How to Care for a Flocked Tree

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When you're aiming for "winter wonderland" with your holiday decor, a green Christmas tree just won't do. A flocked Christmas tree is sprayed or sprinkled with some kind of material that makes it look dusted by snow. It's a magical effect, especially when twinkly lights illuminate the artificial snow. And flocked artificial Christmas trees are just as easy to care for as green artificial trees.

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But there's no denying that using a flocked, real Christmas tree is a little more challenging than using a regular fresh cut tree. The flocking spray or flocking powder used to achieve the fake snow effect can be a little messy. And the primary downside of decorating this way is that disposing of flocked trees isn't as simple as disposing of real trees.

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That said, once you've decided to decorate with a flocked Christmas tree, you're definitely on your way to a white Christmas. Enjoy your Christmas decor safely with these tips for flocked tree care.

Decorating a flocked tree

There are two ways to get a real, flocked tree. One is to bring home a regular tree and flock it yourself; see below for DIY flocking tips. Alternately, Christmas tree farms and garden centers sometimes sell pre-flocked trees.

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In either case, once the tree is set up in your living room, the standard Christmas tree decorating rules apply. It's a good idea to have a drop cloth under the tree while you're decorating to catch any flocking material and needles that fall. Try to handle the branches as little as possible while hanging ornaments. And make sure the tree is at least a few feet away from radiators, fireplaces and candles. Some flocking materials are fire retardant, but flocked trees can still catch fire if they're exposed to these kinds of heat sources.

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Do you know how to flock a Christmas tree?

Flocking a Christmas tree can be a fun way to DIY your decor. There are three common tree flocking methods that people use at home. You'll find tutorials online to walk you through them all.

  • The old-fashioned flocking process is to mix soap flakes or grated bar soap with water to create a foamy substance, which is then painted onto the branches to create the look of clumpy snow. Some DIY flocking recipes also use things like white glue or cornstarch.
  • Using flocking powder is the best way to achieve an all-over "dusting of snow" effect. SnoFlock and other flocking powders are activated by water, so all you have to do is mist the tree with a spray bottle and shake a sifter of powder over the branches.
  • Using flocking spray is the fastest method, and potentially the messiest. It's important to work in a well-ventilated area or even outdoors.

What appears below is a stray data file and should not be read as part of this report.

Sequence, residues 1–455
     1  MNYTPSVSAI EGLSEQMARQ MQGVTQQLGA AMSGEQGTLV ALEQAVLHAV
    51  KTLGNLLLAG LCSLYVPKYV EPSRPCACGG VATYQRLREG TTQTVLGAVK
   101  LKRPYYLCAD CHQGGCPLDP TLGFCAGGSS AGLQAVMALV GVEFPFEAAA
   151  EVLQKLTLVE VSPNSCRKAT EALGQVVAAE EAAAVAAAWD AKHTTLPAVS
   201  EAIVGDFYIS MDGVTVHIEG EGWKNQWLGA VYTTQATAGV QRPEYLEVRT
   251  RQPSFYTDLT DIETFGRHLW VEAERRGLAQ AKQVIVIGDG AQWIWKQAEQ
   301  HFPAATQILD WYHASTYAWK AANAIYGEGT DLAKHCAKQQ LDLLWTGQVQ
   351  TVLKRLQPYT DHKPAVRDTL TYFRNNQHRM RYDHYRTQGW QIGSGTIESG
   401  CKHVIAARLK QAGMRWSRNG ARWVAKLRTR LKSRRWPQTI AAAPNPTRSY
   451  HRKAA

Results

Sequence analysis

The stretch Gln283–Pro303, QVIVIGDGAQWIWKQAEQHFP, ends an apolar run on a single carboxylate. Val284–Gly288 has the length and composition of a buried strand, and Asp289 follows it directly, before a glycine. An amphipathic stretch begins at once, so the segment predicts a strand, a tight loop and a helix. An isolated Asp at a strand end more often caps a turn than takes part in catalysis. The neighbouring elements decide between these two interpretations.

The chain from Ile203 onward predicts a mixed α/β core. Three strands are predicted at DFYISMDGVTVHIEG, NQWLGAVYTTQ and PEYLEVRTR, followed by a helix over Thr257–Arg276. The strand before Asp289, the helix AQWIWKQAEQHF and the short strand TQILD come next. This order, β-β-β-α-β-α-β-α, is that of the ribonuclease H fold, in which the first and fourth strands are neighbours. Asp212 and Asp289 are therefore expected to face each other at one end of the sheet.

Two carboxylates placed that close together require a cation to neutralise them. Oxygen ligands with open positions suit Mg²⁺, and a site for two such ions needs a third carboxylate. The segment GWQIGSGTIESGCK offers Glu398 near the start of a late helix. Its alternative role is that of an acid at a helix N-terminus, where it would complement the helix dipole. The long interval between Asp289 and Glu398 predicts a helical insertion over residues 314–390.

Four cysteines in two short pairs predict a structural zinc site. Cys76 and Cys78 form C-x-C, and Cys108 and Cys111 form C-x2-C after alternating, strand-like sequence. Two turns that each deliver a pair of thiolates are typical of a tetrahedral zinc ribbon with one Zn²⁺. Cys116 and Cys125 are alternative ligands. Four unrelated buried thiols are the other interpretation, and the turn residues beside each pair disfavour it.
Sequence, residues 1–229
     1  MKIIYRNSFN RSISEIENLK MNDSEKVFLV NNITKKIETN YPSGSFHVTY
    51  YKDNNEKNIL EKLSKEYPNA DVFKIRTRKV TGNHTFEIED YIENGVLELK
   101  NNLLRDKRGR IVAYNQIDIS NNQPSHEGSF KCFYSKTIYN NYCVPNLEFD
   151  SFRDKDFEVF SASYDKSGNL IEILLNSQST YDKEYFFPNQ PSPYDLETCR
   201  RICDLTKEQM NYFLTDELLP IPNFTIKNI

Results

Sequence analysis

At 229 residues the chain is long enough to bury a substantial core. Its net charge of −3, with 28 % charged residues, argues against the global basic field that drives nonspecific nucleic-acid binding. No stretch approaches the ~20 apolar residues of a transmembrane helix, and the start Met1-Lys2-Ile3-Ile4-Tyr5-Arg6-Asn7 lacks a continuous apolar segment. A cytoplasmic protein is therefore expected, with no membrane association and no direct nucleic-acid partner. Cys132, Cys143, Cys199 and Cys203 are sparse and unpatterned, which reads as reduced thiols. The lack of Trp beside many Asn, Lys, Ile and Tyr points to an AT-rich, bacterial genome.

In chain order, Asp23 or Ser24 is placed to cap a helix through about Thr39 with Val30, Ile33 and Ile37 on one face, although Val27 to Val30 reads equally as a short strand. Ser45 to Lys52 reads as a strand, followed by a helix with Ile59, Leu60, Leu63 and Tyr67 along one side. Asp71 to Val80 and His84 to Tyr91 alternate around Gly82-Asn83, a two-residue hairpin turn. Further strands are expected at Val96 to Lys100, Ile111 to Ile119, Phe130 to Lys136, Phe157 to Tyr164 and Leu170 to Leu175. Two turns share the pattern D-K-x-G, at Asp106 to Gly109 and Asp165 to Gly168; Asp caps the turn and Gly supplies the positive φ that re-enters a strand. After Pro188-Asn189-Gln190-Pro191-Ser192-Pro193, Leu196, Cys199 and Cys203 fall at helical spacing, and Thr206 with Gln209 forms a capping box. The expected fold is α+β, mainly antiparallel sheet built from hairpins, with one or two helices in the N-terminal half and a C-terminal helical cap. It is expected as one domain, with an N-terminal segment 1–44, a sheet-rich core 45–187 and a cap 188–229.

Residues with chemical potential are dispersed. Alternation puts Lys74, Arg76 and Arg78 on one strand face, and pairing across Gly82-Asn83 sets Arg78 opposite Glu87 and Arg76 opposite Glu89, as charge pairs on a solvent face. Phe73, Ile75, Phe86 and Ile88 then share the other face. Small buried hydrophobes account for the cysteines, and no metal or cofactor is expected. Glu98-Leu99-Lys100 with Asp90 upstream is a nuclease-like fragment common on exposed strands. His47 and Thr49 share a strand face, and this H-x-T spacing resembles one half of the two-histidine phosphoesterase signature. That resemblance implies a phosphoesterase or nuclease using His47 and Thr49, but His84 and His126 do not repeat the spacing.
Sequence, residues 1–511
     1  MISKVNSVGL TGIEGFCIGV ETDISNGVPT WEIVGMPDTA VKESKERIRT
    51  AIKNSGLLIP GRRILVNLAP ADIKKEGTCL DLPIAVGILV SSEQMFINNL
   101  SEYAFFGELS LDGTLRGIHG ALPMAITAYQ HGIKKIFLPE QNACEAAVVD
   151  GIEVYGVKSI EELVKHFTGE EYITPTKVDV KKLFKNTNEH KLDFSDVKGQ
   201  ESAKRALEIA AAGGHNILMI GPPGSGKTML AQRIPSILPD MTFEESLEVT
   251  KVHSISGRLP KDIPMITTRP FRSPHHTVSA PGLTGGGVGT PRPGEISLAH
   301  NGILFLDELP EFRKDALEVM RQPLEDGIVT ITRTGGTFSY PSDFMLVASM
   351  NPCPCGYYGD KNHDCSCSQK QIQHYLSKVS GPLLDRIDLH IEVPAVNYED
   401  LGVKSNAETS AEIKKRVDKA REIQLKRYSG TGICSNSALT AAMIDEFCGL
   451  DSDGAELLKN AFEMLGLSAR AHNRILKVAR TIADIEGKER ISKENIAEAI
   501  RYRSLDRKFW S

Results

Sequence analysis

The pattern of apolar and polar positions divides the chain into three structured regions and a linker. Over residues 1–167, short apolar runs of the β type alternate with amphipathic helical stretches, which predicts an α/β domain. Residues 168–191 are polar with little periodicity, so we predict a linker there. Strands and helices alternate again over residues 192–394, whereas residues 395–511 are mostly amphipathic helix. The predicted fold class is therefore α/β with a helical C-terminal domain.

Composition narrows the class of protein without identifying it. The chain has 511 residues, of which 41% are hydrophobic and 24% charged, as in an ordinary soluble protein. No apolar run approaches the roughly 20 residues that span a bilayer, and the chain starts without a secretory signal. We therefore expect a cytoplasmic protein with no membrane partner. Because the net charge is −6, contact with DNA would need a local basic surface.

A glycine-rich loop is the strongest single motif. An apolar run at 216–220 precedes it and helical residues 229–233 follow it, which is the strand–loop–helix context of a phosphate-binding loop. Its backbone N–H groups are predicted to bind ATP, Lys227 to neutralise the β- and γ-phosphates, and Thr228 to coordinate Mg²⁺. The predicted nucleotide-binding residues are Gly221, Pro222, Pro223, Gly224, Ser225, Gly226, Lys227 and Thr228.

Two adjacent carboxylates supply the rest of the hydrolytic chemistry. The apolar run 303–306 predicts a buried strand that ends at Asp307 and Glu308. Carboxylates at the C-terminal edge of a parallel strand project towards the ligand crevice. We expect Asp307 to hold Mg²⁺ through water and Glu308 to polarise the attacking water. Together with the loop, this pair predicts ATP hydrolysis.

Caring for a flocked tree

There are two core concerns to keep in mind while a flocked Christmas tree is set up in your home. The first is water. Maybe you've heard that flocking seals in moisture, slowing down the drying process and extending your tree's lifespan, and therefore a flocked tree doesn't need much or any water.

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In reality, flocked real trees should always be given a steady supply of water. The branches may not be fully sealed by flocking spray so trees will still lose water through their needles. A tree that's been decorated with soap flakes or a light dusting of flocking powder also won't retain moisture like a heavily-sprayed tree will. Allowing the tree to dry out increases its fire hazard risk. So just like you would with any real tree, check the water reservoir in your tree stand every day and add more when the water level gets low.

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The other consideration is the safety of any kids and pets that live in your home or might visit over the holiday season. Different tree flocking materials are made of different ingredients, so it's hard to say how dangerous it would be for a pet or curious toddler to eat the "snow" off your tree—but obviously that's not something you want to experiment with. Consider creating a barrier around the tree if you're concerned.

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Disposing of a flocked tree

When the holiday season is over, many municipalities will collect residents' real Christmas trees for disposal. Real trees are organic and can be turned into mulch or compost or be used in other environmentally sustainable ways.

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But the chemicals in flocking powders and flocking sprays would contaminate the recycled trees, so your municipality might not take your tree, even if you decorated it only with soap flakes and water. Collection workers have no way to know what materials were used to create the artificial snow on a real tree. There's no harm in checking with with the town or city department in charge of waste disposal, however.

If waste management workers won't take away your flocked tree, you'll have to find a way to get it to the landfill. That might require hiring a service to take it away for you, or sawing the tree into smaller pieces that you can take to the landfill yourself. (Full disclosure: the work of getting rid of your real tree this year might turn you into a fake Christmas tree convert next year!)

As long as you're prepared for a little extra mess and the disposal challenges, decorating with a flocked tree can be a festive way to bring some snow indoors this holiday season—even if you're celebrating Christmas in the desert!

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